Tuesday, January 26, 2010

Happiness Amidst Loss

"True happiness comes in moments when you feel right there, completely present." ~Pema Chödrön.

All of us will suffer loss in our lifetime, whether from death, divorce, or distance of a loved one. The loss of someone we love, by whatever cause, is difficult to bear. In fact, we've all observed people who haven’t borne their loss very well and never completely recovered. It is a sad thing to see.

People come in and out of our lives; it is part of the human condition: pleasure and pain; love and hate; life and death. These are all common dualities in this physical world and to a degree--these dualities are foreign to our very spiritual nature, which comes from a world of oneness. The question is… how do we cope with losses associated with this physical world from a spiritual perspective? How do we deal with the pain in a spiritual manner?

First, we must accept that there is no constructive escape. Any measure of escape will just delay or destroy the healing process. In attempting to escape our pain, we stop growing. When we’re not growing, we’re perishing—a slow, painful death. Thus, many find destructive ways to numb their senses: excess sleep, television, internet or other media, alcohol, drugs, and shallow relationships.

This is all very relevant for me, as I went through a loss recently. A cherished romantic relationship ended in October of 2008. I went through the usual phases of grief: shock, denial, bargaining, guilt, anger, and depression. I’m moving into acceptance, though I have occasional relapses into one phase or another.

In moving into acceptance, one thing that I have learned is the value of mindfulness, which is being fully present with your current circumstances. As Pema Chödrön has said, "True happiness comes in moments when you feel right there, completely present." I have also come to learn that happiness is not something we find in a relationship, but rather is something we share in a relationship.

Although it’s almost cliché, I have learned that happiness is not some destination off in the distance, but rather the daily journey. The journey is now and not some far off place, time, or person. The journey is today, even in this very moment. And if I am constantly trying to escape this moment, there is no happiness. To live fully in each moment, to engage life completely, to smell the scents around you, to hear the richness of the sounds of the universe in motion, to feel the textures beneath your hands and feet: this is where we find happiness.

I love the person with whom I was in a relationship. I love her as intensely today as I did when we were together; but, we’re not together any longer and there is distance between us. In fact, we don’t have much contact. She’s not in my present, and there’s absolutely nothing I can do about it—except continue to love her from a distance, not with hope of reconciliation--but, rather with compassion for both of us. I can accept our separation as permanent, and yet—I can love her anyway.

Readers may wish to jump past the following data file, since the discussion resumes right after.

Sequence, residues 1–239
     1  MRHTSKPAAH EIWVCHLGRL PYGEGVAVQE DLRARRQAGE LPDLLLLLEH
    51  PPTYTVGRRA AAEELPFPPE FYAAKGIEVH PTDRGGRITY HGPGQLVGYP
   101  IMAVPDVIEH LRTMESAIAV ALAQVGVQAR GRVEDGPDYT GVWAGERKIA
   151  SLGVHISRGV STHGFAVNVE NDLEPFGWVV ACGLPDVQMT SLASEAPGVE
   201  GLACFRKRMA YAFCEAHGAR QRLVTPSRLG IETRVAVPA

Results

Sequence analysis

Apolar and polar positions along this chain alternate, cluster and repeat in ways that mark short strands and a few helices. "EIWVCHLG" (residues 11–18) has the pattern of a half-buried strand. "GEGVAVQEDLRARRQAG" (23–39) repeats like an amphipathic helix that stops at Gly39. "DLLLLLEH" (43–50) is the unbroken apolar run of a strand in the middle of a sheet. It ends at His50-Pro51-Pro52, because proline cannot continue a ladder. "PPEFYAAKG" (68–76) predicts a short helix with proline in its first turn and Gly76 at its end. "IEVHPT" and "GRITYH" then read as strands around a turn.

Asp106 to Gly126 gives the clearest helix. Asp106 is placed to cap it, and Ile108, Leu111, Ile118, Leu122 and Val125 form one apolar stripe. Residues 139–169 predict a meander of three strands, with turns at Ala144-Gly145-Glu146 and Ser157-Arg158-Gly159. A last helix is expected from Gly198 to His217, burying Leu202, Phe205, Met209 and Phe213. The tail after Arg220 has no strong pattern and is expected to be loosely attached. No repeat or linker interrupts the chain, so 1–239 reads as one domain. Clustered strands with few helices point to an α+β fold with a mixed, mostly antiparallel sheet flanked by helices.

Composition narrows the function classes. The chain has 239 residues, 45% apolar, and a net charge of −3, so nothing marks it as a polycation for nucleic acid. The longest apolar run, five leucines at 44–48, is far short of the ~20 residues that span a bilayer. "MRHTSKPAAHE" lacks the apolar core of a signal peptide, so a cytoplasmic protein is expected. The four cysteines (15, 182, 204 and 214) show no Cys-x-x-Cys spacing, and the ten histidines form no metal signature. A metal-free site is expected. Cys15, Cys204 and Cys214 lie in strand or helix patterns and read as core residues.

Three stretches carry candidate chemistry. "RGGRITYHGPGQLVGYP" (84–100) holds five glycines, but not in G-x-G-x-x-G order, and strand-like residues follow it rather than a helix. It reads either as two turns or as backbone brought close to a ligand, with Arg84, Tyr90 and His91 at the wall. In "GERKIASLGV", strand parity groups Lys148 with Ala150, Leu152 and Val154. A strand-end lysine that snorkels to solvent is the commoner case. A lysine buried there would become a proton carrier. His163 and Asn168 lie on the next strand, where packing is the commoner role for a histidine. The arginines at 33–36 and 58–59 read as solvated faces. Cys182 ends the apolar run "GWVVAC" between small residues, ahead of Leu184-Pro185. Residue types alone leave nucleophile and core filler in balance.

I don’t need to escape from my love for her; nor do I need to escape the pain of separation. I can be present with all of my emotions, and be compassionate towards my own self in the process. I can be present with my current circumstances as a single person and be completely happy with this journey that I am on. Life is a wonderful journey that so many lose far too early. I am grateful for the time I have here on this earth and resolve to fully engage this world I am in. Won’t you join me?

"The aim of life is to live, and to live means to be aware, joyously, drunkenly, serenely, divinely aware." --Henry Miller

Sunday, January 24, 2010


If I could define enlightenment briefly I would say it is the quiet acceptance of what is. -Wayne Dyer

If there is any one thing that I have learned with age, it is that most frustration is borne of dwelling on things over which we have little or no control. We feel as if we're banging our head against the wall and nothing is changing. Why does this occur?

We tend to have expectations of other people, yet we usually have no control over them. When I find myself frustrated, my first question to myself is, "What were my expectations here?" Expectations are what we think "should be." My next question is, "How can I release my expectations?" For if I have no control over the situation, it does me no good to dwell on the outcome.

Wayne Dyer defined enlightenment as the acceptance of "what is." The opposite of "what is" is "what should be," which is a judgment of sorts. I have decided that the current situation is unacceptable and that I have a better way, which is ego trying to have some control.

I hear "should be" often from my kids, my co-workers, and from people in the street:

"Our employer should pay us more money."

"The government should provide free health care."

"My parents should give me what I want."

"'They' should do something about this!" (Who are "They?")

"Should be" is just another way of saying, "I deserve" something. In fact, if I deserve it, I demand it. And if I don't have my demands met, I will throw a tantrum. Frustration.